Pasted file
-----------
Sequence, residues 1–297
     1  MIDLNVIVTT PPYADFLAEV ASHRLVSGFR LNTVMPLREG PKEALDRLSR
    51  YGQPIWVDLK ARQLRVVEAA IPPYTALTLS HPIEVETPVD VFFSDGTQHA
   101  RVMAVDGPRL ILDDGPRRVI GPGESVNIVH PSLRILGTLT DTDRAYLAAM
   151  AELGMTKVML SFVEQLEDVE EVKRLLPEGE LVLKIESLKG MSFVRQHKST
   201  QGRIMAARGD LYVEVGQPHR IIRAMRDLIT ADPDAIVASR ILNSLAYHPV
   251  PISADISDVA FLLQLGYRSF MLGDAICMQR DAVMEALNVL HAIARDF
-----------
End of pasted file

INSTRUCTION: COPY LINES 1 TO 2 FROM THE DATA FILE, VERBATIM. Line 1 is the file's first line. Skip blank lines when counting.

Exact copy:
Sequence, residues 1–297
     1  MIDLNVIVTT PPYADFLAEV ASHRLVSGFR LNTVMPLREG PKEALDRLSR